Bill 148: Equal Pay For Equal Work

As part of Bill 148, Fair Workplaces, Better Jobs Act, 2017, Ontario set new rules that mandate Equal Pay For Equal Work, becoming the first province in Canada to do so. This applied to employers and temporary help agencies in Ontario.

These labour laws impacted business owners with an increase to the amount of pay an employee must receive. As an employer, do you understand what your obligations are? Here are some important facts on Equal Pay For Equal Work, under Bill 148.

On November 21st, 2018, the Ontario Provincial Government passed Bill 47Making Ontario Open for Business Act, 2018. This Bill repealed the changes to Equal Pay for Equal Work that had been introduced by Bill 148. Bill 47 came into force on January 1st, 2019.

Bill 148

When Bill 148 was in force, Equal Pay for Equal Work meant that all employees must be paid equal to those who perform the same work regardless of sex, employment and assigned employment status. The purpose was to ensure that employers were paying casual, part-time, temporary and seasonal workers equal to or greater than full-time or permanent workers, if:

  • They do substantially the same kind of work, for the same employer
  • Their work requires substantially the same skill, effort, and responsibility
  • They work under similar working conditions.

For temporary help agencies, Equal Pay for Equal Work meant that assignment workers must also receive equal pay for doing equal work. Therefore, all else equal, an assignment employee could not be paid less than what the agency’s client would pay their own employees.

What does “substantially the same” mean?

A common question that employers ask us is to define what “substantially the same” work means. This refers to work that is similar enough that it can be considered to fall within the same job classification. The jobs do not have to be identical in every respect, nor do they have to be interchangeable.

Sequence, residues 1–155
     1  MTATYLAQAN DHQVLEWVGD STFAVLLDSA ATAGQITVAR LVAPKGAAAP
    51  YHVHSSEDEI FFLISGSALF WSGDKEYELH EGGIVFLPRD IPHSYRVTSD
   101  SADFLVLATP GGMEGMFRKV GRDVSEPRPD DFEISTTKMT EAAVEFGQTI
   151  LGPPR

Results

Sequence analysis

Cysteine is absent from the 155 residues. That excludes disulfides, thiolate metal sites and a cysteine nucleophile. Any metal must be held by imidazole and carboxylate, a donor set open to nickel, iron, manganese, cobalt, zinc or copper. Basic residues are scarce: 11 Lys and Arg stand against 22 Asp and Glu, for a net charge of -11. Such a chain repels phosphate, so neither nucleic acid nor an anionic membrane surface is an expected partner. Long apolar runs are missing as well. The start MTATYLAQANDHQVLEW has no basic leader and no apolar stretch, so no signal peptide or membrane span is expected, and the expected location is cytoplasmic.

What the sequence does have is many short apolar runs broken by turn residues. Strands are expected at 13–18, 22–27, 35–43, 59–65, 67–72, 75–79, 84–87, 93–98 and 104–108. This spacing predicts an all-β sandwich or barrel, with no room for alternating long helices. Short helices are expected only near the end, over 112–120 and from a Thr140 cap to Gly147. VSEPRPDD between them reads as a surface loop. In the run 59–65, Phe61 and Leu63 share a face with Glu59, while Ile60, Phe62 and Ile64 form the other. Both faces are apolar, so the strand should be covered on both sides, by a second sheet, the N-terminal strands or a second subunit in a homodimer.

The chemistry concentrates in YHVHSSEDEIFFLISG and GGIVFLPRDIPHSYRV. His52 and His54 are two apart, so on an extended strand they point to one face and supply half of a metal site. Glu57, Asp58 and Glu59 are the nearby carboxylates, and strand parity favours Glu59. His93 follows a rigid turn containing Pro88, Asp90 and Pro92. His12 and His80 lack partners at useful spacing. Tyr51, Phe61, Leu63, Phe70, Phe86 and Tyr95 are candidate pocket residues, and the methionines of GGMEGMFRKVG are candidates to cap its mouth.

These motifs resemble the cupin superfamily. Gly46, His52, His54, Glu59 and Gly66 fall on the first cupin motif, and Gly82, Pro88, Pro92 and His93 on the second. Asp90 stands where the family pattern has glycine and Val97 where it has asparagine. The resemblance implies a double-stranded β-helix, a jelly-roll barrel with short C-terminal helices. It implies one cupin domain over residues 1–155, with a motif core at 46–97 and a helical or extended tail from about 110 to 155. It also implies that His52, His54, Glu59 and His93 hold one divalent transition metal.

Exceptions to Equal Pay for Equal Work

There were some exceptions under these rules, where the difference in the rate of pay is based on:

  • A seniority or merit system.
  • A system that measures earnings by quantity or quality of production.

Other factors, such as sex or age, did not qualify as an exemption.

Employer Obligations: Requests for a Pay Review

If there was reason to believe that equal pay was not being provided for equal work, the law allowed your casual, part-time, temporary and seasonal employees to ask for a review of their pay rate. As an employer, this required you to provide either a pay adjustment or a written explanation in response.

Bill 47: Currently in Effect

Bill 47 repealed the above-mentioned employer obligations with respect to employment status/assignment employment status. An employer is no longer required to accommodate a request for a pay review or provide a written response.

The longstanding equal pay for equal work provisions on the basis of sex remain in force.

Employer questions?

If you have questions about how to apply Equal Pay For Equal Work to your business, including questions regarding which of the Bill 148 obligations were repealed by Bill 47, ask Employer Line. Call our employer helpline at 1-833-247-3650 to speak with our HR experts for free advice.